Apple may have just bought itself another round of questioning by certain members of Congress.
Back in July 2010, Apple informed members of Congress that although iPhone and other Apple products do collect and store “batched” user location data, the data are not directly associated with a particular identity or device (see their letter to Congressmen Markey and Barton here). That may be true on their side of the equation, but nowhere did they mention that what appears to be specific and time-stamped location data would be downloaded to the customer’s computer drive during synch operations.
Charles Arthur of The Guardian reports:
Security researchers have discovered that Apple’s iPhone keeps track of where you go – and saves every detail of it to a secret file on the device which is then copied to the owner’s computer when the two are synchronised.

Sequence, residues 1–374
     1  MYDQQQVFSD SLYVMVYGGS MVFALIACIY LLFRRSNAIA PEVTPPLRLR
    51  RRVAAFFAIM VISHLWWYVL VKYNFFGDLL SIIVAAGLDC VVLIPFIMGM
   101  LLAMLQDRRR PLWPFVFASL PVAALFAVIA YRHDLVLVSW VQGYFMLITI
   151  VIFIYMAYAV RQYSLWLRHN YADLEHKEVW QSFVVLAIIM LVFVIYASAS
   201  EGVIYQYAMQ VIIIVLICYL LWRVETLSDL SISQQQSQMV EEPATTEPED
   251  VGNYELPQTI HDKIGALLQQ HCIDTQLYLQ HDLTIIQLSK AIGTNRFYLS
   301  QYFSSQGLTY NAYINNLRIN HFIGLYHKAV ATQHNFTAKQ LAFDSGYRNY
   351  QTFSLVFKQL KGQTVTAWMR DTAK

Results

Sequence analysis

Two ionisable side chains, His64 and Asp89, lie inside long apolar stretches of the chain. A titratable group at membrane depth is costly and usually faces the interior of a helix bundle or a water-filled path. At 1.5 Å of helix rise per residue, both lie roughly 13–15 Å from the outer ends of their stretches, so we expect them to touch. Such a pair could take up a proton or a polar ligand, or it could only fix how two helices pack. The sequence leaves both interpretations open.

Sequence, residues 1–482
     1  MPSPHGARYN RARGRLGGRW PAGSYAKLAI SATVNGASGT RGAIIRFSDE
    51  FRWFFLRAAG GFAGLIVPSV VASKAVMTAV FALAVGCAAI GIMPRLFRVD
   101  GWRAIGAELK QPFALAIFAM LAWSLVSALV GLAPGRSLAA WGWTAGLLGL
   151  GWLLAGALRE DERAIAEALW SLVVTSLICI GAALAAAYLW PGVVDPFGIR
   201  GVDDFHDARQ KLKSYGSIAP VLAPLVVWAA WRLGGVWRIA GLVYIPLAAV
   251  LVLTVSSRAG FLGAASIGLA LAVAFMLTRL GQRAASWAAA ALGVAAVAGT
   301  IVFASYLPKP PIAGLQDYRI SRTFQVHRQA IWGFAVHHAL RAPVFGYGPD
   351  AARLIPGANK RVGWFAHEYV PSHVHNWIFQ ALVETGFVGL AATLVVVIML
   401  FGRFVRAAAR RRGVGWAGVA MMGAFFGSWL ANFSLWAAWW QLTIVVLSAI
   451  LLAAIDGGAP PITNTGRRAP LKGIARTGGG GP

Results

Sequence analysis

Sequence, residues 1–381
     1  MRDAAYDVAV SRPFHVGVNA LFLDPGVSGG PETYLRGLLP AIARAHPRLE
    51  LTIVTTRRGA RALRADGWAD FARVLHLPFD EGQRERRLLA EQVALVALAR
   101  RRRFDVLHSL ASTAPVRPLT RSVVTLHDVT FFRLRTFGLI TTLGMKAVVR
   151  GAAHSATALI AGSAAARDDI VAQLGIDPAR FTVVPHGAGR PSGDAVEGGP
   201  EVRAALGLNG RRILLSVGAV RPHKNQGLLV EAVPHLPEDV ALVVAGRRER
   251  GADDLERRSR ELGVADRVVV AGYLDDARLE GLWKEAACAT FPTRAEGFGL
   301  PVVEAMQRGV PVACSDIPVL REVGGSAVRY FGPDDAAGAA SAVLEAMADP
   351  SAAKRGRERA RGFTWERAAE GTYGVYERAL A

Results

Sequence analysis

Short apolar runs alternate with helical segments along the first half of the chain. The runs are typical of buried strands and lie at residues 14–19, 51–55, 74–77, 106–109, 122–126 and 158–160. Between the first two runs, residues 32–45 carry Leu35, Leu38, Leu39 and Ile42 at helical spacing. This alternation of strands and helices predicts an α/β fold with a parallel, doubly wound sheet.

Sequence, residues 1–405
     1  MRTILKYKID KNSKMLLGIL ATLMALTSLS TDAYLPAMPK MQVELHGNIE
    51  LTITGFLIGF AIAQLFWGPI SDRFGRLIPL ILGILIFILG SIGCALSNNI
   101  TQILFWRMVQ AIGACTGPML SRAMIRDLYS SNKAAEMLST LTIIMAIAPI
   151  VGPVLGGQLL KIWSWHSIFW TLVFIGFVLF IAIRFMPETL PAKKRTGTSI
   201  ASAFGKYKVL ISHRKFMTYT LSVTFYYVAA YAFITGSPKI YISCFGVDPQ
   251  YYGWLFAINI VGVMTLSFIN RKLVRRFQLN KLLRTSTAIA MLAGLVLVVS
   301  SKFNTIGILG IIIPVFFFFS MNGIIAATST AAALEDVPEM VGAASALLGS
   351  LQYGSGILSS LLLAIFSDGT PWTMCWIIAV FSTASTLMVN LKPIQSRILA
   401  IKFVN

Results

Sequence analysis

The file contains the latitude and longitude of the phone’s recorded coordinates along with a timestamp, meaning that anyone who stole the phone or the computer could discover details about the owner’s movements using a simple program.
For some phones, there could be almost a year’s worth of data stored, as the recording of data seems to have started with Apple’s iOS 4 update to the phone’s operating system, released in June 2010.
Read more in The Guardian.
Clearly, this raises a huge privacy concern for those who do not want any record of their travels on their hard drive. Not everyone sees it as a problem, of course, and Kashmir Hill doesn’t seem to find it particularly problematic.
As for me, well, I don’t use any of those products, so it’s no big deal to me, but I do think that Apple should have been clearer with users about the existence of this file and its function.